f:= x-> exp(k*x): # k in function, but is not a parameter
int(f(x), x= 0..infinity);


But in the following, the assumption is ignored:

f:= x-> exp(k*x): # k in function, but is not a parameter
int(f(x), x= 0..infinity) assuming k < 0;

limit((exp(k*x)-1)/k, x = infinity)

The assumptions made with assuming  are only applied to variables which appear in the expression before it is evaluated.

To expand on what Preben said, what plot said is only a warning, not an error, and it turns out to be unrelated to why you didn't get a plot. If you apply argument or abs after taking the derivative, it plots fine:

f:= HeunG(3,-9/2+3/4*I*k-3/4*k^2,-1+1/2*I*k,-1/2+1/2*I*k,1/2,1+I*k,1/2):
plot([argument,abs](f1), k= 0..2);

Edit: I realize that this plot is not the same as the function you want. I'm just illustrating that the failure to plot is unrelated to the warning message.

Now you have three unknown functions, X(x), R(x), and T(x), but only two equations. We need more information about T(x) in order to solve or plot this.

First off, please do not use the old lowercase constructor commands matrix, array, vector. The new constructors are capitalized---Matrix, Array, Vector---and they are much more efficient and versatile. I will not help you anymore if you continue to use the lowercase constructors, as I'd rather just forget about them. The rest of this post will deal strictly with the newer versions. Also, anything that I say below about Arrays could equally well be said about Matrices or Vectors.

You wrote:

for l to 5 do: for i to 6 do: for j to 6 do: L[i,j] := P[i,j,l]: od: od: V[l]:=L: od:
The code fails in that V[1]=V[2]=...v[5] = P[i,j,5].

The immediate problem is that V[l]:= L needs to be V[l]:= copy(L); however, assigning individual entries in a loop is an inefficient way to do this (see below for a more efficient way). The reason the copy is needed is a somewhat arcane topic. You can read some about it at ?copy, but the topic requires a moderate amount of computer programming knowledge to understand. The take-away is Don't directly assign one Array to another (unless you understand the consequences); it does not make an independent copy of the Array.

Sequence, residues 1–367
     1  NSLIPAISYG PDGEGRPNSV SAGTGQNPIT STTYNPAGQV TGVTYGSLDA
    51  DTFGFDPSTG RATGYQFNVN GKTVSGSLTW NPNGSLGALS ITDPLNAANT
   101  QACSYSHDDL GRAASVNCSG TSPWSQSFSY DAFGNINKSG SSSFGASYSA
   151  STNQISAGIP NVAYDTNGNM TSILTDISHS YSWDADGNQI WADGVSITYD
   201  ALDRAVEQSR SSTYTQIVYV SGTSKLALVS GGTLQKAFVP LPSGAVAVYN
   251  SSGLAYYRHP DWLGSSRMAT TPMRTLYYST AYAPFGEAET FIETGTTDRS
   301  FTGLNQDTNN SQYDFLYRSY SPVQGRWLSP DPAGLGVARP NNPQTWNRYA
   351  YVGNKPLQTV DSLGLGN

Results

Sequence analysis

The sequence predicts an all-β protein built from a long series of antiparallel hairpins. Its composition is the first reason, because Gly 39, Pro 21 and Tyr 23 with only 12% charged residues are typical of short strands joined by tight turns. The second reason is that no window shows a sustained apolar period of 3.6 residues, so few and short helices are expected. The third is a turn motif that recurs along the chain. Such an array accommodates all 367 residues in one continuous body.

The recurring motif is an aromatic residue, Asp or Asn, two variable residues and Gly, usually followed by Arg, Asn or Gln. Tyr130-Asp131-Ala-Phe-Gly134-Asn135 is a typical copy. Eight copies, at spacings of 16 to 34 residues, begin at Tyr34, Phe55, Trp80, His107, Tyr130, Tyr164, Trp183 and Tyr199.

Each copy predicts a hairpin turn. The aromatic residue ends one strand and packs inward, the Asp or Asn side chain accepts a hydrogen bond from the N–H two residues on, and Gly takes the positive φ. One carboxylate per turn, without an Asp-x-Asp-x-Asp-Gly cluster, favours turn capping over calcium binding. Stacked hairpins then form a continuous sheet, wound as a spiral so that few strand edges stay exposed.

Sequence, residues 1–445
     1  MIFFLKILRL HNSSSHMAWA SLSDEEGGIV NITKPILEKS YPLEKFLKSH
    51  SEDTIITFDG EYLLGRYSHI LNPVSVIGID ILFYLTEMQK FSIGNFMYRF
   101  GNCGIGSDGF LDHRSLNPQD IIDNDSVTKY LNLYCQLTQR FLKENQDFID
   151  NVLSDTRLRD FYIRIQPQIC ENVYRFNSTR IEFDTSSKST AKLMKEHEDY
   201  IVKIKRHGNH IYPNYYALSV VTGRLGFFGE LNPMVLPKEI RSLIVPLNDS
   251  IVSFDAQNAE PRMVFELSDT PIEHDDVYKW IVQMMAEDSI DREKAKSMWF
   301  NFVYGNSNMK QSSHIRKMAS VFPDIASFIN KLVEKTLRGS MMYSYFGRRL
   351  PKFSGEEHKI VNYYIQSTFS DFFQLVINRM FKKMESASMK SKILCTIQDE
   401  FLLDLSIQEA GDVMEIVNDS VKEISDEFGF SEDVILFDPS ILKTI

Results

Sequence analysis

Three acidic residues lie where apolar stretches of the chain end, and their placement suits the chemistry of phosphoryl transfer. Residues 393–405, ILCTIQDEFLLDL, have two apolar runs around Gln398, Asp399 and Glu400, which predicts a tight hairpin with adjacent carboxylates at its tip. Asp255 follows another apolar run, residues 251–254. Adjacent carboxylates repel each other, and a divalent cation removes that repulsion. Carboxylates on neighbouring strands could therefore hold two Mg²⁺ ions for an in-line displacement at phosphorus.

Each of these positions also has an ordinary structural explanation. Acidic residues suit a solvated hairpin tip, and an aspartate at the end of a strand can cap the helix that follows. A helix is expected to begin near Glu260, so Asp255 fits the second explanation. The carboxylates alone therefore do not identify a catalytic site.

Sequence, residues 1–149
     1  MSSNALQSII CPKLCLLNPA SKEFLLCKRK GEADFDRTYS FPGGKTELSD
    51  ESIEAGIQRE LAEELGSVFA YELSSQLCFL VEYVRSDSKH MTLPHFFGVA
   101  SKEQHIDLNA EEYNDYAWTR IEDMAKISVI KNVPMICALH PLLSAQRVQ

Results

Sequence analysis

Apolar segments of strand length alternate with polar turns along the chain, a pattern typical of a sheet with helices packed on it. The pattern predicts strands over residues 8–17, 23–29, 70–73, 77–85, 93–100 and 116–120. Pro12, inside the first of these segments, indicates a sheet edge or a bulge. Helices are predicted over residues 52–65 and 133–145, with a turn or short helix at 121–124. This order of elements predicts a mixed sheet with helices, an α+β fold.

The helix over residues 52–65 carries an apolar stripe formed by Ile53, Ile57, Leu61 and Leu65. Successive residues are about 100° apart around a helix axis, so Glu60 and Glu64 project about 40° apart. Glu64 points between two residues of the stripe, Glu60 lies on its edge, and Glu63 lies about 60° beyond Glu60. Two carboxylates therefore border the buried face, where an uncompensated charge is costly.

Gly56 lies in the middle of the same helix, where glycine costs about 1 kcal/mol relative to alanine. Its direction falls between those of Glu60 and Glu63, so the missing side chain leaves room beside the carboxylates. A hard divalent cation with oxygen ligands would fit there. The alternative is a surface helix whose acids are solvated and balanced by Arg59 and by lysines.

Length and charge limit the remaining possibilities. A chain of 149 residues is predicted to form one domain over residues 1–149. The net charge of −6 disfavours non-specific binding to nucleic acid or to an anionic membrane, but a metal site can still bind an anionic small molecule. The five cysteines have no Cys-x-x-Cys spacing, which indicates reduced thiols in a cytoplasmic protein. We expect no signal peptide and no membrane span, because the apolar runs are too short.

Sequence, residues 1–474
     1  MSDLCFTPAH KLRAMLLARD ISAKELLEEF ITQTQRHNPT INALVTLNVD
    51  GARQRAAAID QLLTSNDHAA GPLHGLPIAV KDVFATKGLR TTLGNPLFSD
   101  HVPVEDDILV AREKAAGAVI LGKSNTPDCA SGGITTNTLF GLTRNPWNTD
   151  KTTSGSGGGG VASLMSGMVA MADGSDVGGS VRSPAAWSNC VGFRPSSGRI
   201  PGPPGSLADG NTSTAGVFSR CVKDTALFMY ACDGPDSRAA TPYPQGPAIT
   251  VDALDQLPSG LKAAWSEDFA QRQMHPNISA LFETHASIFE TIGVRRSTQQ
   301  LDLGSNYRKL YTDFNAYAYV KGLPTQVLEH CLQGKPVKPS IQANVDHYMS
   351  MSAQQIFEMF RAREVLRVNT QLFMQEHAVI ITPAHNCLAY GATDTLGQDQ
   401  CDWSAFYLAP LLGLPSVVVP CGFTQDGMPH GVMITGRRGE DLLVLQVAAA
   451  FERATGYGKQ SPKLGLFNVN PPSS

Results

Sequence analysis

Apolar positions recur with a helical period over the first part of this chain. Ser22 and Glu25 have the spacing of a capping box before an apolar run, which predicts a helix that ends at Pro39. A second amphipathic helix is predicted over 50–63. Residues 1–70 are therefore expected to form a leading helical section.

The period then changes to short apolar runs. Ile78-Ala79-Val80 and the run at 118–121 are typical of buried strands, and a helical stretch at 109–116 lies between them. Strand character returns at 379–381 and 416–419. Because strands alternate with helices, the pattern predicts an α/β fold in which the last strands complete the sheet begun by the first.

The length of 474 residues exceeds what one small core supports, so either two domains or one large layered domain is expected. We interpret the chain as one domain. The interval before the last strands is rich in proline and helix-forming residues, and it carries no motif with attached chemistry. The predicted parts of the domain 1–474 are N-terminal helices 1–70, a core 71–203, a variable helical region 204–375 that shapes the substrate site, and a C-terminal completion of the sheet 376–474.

There are many commands in the ?ArrayTools package for efficiently handling things like changing dimensions, copying parts of Arrays, etc.

You wrote:

Also, given a matrix, is there a way to extract a column vector from that matrix? I.e. in FORTAN is M is a matrix, M(:,3) would return the third column of M. Is there a similar command in Maple?

Yes, and the syntax is almost identical: M(.., 3) or M[.., 3]. The available combinations for selecting and rearranging subparts of Arrays is vast, and discussed at ?rtable_indexing.

So, applying this subpart selecting to your original loop, you could do the whole job as

V:= Array(1..5, i-> P[.., .., i]);



Please cut-and-paste an example, or upload a worksheet.

My guess (and it's only a guess until I see the example) is that you have a parameter with the same name as a global variable and that you're unintentionally using both in the main function. I'd be able to tell in 5 seconds if I saw an example. Making it a procedure will not help. You should never have to cut-and-paste to fix these things; almost everything can be handled programmatically/algebraically in Maple.